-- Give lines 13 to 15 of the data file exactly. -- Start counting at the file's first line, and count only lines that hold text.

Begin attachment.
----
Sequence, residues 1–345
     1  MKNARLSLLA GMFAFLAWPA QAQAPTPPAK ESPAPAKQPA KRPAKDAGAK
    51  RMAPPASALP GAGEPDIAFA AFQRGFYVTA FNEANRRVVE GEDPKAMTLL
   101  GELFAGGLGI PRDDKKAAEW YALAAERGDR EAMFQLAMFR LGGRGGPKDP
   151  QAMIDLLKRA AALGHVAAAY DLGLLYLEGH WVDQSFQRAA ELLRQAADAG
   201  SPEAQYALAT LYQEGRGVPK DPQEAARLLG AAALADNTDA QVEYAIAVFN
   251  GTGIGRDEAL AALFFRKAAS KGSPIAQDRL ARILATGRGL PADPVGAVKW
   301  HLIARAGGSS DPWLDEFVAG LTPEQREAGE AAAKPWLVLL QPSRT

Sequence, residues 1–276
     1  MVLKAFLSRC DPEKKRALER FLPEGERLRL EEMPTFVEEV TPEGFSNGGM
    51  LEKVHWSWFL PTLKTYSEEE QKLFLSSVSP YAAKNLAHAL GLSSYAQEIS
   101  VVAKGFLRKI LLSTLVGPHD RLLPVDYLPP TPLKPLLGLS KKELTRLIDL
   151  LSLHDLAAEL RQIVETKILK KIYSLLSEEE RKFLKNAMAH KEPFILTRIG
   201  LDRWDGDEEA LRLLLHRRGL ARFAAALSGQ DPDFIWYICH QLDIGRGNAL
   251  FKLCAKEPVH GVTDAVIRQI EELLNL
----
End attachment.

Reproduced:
   151  LSLHDLAAEL RQIVETKILK KIYSLLSEEE RKFLKNAMAH KEPFILTRIG
   201  LDRWDGDEEA LRLLLHRRGL ARFAAALSGQ DPDFIWYICH QLDIGRGNAL
   251  FKLCAKEPVH GVTDAVIRQI EELLNL